By John Wagner
Washington Post Staff Writer
Tuesday, September 15, 2009; B02
James Pelura, the embattled chairman of the Maryland Republican Party, announced Monday night that he will resign, effective Nov. 14, ending a three-year tenure marked by anemic fundraising, slipping registration numbers and clashes with GOP legislators.
Pelura, a longtime political activist and Anne Arundel County veterinarian, hastily left a meeting of party officers Monday night in Annapolis without comment, directing a reporter to talk to others who remained behind. His resignation was later confirmed in a terse news release issued by the party, which said a nominating committee had been formed to facilitate selection of a new chairman.
Republican leaders said they were eager to put a period of infighting behind them as they head toward an election year in the heavily Democratic state.
"Clearly, we have important work to do in the upcoming elections," said House Minority Leader Anthony J. O'Donnell (R-Calvert), one of the GOP lawmakers who has sparred with Pelura. "When we're united, we'll be stronger. It's time to get moving."
Pelura's resignation comes at a time when the party has yet to field big-name candidates for next year's races for governor and U.S. Senate and when candidate recruitment for legislative races has also been lagging, according to Pelura's critics.
The pool of candidates considering the race for governor is expected to grow by one Tuesday, when Larry Hogan, a Cabinet secretary under former Maryland governor Robert L. Ehrlich Jr. (R), plans to launch an exploratory bid.
Hogan, 53, who served as Ehrlich's appointments secretary, said he will not move forward in the race if his former boss seeks a rematch with Gov. Martin O'Malley (D). Ehrlich has indicated that he might wait until the end of the year before making a decision about 2010.
"Should my friend Bob Ehrlich decide he wants to run for governor, he will have my enthusiastic support," said Hogan, a real-estate broker who lives in Edgewater. "But he hasn't decided, and I don't have the luxury of time."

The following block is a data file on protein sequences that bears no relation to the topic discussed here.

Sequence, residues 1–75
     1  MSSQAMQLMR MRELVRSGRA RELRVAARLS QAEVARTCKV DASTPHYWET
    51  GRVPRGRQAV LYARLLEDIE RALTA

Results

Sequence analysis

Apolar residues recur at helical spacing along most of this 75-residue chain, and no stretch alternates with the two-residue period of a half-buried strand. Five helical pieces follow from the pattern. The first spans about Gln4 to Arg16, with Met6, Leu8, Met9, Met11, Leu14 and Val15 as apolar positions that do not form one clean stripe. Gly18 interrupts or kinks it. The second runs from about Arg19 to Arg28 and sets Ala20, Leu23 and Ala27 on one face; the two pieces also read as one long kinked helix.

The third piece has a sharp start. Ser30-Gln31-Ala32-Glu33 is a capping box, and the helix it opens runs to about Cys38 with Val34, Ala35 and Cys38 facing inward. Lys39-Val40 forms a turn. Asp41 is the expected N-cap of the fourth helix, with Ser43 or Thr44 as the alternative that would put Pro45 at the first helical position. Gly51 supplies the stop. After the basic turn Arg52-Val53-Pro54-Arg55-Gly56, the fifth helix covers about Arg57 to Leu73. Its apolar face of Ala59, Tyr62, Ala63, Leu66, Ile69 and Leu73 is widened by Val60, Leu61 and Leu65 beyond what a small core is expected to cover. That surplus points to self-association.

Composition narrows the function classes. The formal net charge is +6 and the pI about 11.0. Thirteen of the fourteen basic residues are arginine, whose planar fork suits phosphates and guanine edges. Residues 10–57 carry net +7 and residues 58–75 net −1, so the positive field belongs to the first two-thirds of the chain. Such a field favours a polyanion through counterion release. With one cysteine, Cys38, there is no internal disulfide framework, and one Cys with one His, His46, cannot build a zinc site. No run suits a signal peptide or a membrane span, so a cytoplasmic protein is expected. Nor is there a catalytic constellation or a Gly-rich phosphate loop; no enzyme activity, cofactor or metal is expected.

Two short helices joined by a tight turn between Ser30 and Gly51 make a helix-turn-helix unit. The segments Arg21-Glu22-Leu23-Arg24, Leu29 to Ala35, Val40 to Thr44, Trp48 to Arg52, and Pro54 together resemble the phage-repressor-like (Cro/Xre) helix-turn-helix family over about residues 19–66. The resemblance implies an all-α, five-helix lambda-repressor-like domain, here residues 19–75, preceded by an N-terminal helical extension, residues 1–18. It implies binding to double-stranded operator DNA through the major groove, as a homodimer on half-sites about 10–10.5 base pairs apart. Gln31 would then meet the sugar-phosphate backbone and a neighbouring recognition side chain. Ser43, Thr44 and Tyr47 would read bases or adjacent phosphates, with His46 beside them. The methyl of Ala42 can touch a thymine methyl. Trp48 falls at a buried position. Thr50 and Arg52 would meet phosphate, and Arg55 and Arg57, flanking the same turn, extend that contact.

Other Republicans looking at the race include Del. Patrick L. McDonough (R-Baltimore County) and Mike Pappas, a Towson lawyer and former parliamentarian of the state Republican party.
Pelura took over a demoralized party in late 2006, following O'Malley's defeat of Ehrlich.
The Maryland GOP has struggled to stay afloat financially during much of Pelura's tenure. As of mid-January, the last time reports were due, the party had $703.10 in a pair of state accounts. It reported almost $498.58 in a separately maintained federal account as of last month.
By contrast, the Maryland Democratic Party had more than $755,000 in its two state accounts as of January and almost $112,000 in a federal account as of July.
"It's clear that the focus of the party needs to be fundraising, and hopefully that will be the sole focus of the next chairman," said John White, an Annapolis marketing executive who was runner-up to Pelura in 2006 and said he remains interested in serving the party.
The share of registered Republicans in Maryland has slipped from almost 29 to 26.6 percent, and the portion of Democrats has grown from 55 to almost 57 percent. Even small shifts increase the difficulty of winning statewide: In 2006, O'Malley defeated Ehrlich by 6.5 percentage points.
Pelura received no-confidence votes in July from 20 of the 30 members of the GOP's executive committee. In August, he insisted that he was staying put, suggesting many of his critics were motivated by ideology.
Since then, GOP legislative leaders have continued to air questions about Pelura's leadership. In a letter to party leaders last month, O'Donnell and House Minority Whip Christopher B. Shank (R-Washington) wrote that they "continue to have a lack of confidence in this chairman," saying he was "falling down on core fundamentals of party-building activities."
And last week came more embarrassing news: Citing the party's ailing finances, the State Board of Elections allowed the GOP to repay a $75,000 debt it owes with an installment plan. If the party fails to follow through, it could be referred to the state prosecutor, the board indicated.